Technology has been the buoyancy aid that’s stopped many firms from going under during the pandemic, but what’s less clear is whether it’s helped to keep their workers’ spirits up too.
Companies were able to shift their operations online and stay connected during the Covid lockdowns thanks to various software applications, including the now ubiquitous Zoom and Microsoft Teams.
The fact that work has been possible during these periods of confinement has surely been a relief to many people. But using the home as a makeshift workplace has created its own stresses, especially when employees have felt under pressure to be always available – often in suboptimal working conditions – while sharing the space with partners who’ve been laid off, say, or children who need home-schooling.
Proponents of the tech will say that it’s kept employees connected and supported their productivity, but businesses need to be aware of the stresses of remote working and the different ways in which these can affect people.
A deeper connection
A recent poll of UK workers by the Institute for Employment Studies found that 48% of respondents were working long and irregular hours during the lockdowns. The survey also revealed other health concerns: 36% of respondents said they felt they were under too much pressure from work, 32% reported feeling unhappy and 60% were concerned that they weren’t getting enough physical exercise.
David Miller, CEO of London-based creative agency Red Brick Road, remembers his own apprehension about how he would balance the demands of keeping his business running alongside maintaining pastoral care for his employees as the UK entered its first lockdown in March 2020.
“Team bonding suffers when people are working remotely. Things such as virtual quizzes don’t really generate that true connection,” he says. “Only through human contact can you generate that important team effervescence, unless the tech you’re using is genuinely designed to provoke conversation and interaction.”
A chance conversation with one of his neighbours led Miller to look at an app called The Wellbeing Games, which instantly grabbed his attention.
The brainchild of HR expert Bernadette Thomas, The Wellbeing Games encourages users to complete five daily “challenges” in the following areas – movement, connection, nutrition, sleep and mindfulness – over 10 days.
Miller explains that the challenges are, crucially, not at all challenging, but they do provoke engagement and improve people’s wellbeing. Scores are kept confidential, meaning that there’s no undue pressure on people to participate fully every day, while the temporary nature of the programme helps to give it a higher engagement rate than those of its open-ended equivalents.
Miller was so impressed with its effect on his team that he became an equity partner in The Wellbeing Games and is now helping to plan the app’s expansion.
Integrating new arrivals into a team can be difficult for businesses in normal circumstances, never mind when they’re having to do it remotely.
Joey Ceunen, chief technology officer at Carefree, a charity that provides short breaks for unpaid carers, joined the organisation only a few weeks before Covid-19 struck the UK and remote working became the order of the day. At that point, the only colleague he’d met in person was the CEO, Charlotte Newman.
“The team held regular online meetings and casual calls too, so we could get to know each other, but things weren’t flowing,” he recalls. “The louder people were getting louder and the quieter ones were getting quieter.”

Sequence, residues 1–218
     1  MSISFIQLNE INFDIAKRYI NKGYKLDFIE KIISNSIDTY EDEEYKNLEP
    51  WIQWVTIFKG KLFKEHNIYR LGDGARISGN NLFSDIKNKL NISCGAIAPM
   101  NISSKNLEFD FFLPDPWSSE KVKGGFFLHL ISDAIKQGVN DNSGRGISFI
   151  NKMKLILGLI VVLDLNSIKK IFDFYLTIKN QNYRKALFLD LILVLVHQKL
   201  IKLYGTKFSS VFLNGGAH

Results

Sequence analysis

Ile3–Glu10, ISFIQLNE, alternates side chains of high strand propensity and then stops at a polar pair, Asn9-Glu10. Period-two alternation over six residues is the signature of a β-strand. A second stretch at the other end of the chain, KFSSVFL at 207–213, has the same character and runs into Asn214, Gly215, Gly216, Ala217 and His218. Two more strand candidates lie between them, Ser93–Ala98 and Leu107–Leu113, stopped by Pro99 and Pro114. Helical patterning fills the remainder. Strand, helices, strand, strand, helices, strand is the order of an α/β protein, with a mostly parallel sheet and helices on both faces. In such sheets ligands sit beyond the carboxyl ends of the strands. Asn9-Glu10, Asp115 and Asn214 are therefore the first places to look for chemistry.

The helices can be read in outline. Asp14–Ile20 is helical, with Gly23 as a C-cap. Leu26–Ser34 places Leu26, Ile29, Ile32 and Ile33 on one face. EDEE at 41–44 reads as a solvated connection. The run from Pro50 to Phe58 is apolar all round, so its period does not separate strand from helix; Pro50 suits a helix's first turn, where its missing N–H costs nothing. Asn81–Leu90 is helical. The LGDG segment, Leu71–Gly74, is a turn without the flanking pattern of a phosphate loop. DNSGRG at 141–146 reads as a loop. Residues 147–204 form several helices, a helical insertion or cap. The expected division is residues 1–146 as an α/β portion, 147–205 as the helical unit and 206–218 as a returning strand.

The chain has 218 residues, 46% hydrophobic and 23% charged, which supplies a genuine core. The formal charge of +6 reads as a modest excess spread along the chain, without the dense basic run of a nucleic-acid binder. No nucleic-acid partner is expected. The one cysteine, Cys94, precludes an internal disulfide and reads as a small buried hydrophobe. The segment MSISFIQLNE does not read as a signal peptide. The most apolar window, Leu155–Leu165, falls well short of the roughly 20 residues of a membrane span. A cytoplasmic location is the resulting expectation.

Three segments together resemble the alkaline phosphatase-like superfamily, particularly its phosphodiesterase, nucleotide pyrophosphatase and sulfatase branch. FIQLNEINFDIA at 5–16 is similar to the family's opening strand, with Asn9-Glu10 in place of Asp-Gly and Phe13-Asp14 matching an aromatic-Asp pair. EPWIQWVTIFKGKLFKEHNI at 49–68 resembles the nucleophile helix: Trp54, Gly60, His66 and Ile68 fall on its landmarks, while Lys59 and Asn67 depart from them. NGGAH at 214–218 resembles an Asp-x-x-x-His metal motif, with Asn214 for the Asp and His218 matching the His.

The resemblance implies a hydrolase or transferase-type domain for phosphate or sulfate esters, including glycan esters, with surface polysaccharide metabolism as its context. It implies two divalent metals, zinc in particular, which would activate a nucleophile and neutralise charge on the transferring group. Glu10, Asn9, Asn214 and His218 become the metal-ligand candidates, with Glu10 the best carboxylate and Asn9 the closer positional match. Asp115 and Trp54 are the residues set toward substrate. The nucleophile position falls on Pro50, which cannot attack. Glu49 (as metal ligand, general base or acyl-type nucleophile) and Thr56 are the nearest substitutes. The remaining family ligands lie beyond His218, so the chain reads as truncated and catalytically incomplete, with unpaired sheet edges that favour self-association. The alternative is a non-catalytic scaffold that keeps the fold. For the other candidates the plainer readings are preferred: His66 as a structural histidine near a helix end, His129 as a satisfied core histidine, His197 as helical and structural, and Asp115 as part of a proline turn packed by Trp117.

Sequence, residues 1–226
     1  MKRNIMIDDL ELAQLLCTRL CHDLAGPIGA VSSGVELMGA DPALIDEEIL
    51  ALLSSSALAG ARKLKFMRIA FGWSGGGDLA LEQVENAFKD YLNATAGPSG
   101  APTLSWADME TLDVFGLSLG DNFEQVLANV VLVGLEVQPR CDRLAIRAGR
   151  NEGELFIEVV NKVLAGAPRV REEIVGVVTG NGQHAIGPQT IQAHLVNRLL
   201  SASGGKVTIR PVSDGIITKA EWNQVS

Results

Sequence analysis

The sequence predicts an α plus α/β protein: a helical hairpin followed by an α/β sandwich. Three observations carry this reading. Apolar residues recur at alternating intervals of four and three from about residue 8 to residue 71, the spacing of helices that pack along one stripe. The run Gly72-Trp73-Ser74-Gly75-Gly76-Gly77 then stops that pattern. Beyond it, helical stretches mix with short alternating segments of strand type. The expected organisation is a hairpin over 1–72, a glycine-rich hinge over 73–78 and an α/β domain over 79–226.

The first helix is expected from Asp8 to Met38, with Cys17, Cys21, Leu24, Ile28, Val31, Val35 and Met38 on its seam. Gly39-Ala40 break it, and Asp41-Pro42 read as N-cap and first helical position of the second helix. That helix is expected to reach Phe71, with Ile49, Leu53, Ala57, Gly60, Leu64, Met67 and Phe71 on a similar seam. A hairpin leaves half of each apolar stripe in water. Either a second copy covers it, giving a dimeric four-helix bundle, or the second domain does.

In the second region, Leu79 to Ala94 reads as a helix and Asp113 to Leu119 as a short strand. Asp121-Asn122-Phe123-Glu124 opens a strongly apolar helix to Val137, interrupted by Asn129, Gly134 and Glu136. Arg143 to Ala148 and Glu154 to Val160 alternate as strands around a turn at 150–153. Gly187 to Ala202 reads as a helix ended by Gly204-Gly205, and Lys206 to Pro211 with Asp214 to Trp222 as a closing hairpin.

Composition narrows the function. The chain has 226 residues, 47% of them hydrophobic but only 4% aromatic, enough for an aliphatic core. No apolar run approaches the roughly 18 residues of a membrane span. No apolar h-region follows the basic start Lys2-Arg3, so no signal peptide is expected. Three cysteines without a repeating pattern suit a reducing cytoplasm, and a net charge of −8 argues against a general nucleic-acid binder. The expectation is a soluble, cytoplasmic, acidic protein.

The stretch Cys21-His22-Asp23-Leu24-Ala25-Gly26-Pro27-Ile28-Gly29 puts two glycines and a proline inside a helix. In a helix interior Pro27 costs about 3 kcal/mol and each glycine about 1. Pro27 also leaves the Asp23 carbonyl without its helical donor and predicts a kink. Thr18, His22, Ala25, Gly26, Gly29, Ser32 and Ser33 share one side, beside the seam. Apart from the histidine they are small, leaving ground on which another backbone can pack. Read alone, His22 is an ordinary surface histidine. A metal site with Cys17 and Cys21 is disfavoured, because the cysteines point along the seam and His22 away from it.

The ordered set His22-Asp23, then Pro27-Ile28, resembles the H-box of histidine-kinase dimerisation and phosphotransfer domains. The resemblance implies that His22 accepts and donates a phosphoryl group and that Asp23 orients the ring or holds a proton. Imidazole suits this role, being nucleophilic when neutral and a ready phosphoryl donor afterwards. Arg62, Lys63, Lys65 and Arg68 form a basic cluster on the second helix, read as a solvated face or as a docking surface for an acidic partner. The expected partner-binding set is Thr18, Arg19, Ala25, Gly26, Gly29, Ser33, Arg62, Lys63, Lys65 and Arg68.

Ceunen naturally sought a digital solution to ensure that everyone would feel more included. One of these was Friday Pulse, which allows employers to gauge how their workers are feeling each week by asking one question: “How have you felt at work this week?” This generates a “happiness KPI” that can be tracked over time on an individual or group basis.
Carefree’s employees have engaged extremely well with the app, which has other functionality that allows users to discuss things that have and haven’t gone well during the week.
The charity has also embraced Spill, an app that works within Slack, the popular messaging platform. This enables employees to book one-to-one therapy sessions online with qualified providers.
“One of our team members who was struggling with homeworking used Spill,” Ceunen says. “They have since said that it was exactly what they needed. It means that employees can deal with problems early on, rather than letting them build up until the whole thing explodes and then having to wait months for treatment on the NHS.”
Tony Stewart is head of digital at Scarlettabbott, a consultancy specialising in employee engagement. He believes that a business needs to have a clear purpose in mind for any tech-based solution it adopts in this area.
“I wouldn’t say that there’s a single piece of tech that every business requires to support the wellbeing of its team members,” he says. “The right choice depends on the business goals and employment strategy of each company, along with the community it’s supporting.”
As the hybrid model – a mix of remote and office working – looks like becoming the new norm, business leaders must ensure they find technology-based solutions that genuinely support their employees’ wellbeing.
While Miller believes there has been a push in the past decade to encourage people to bring their “whole selves” to work, any remaining division between home life and work life has “disappeared rapidly”, as video calls beam colleagues into each other’s homes.
“Employers that might not have felt a duty of care before the pandemic have probably reappraised that stance,” he says. “Now they’ll think not only about how to look after workers in the office, but about how to look after them as people more broadly.”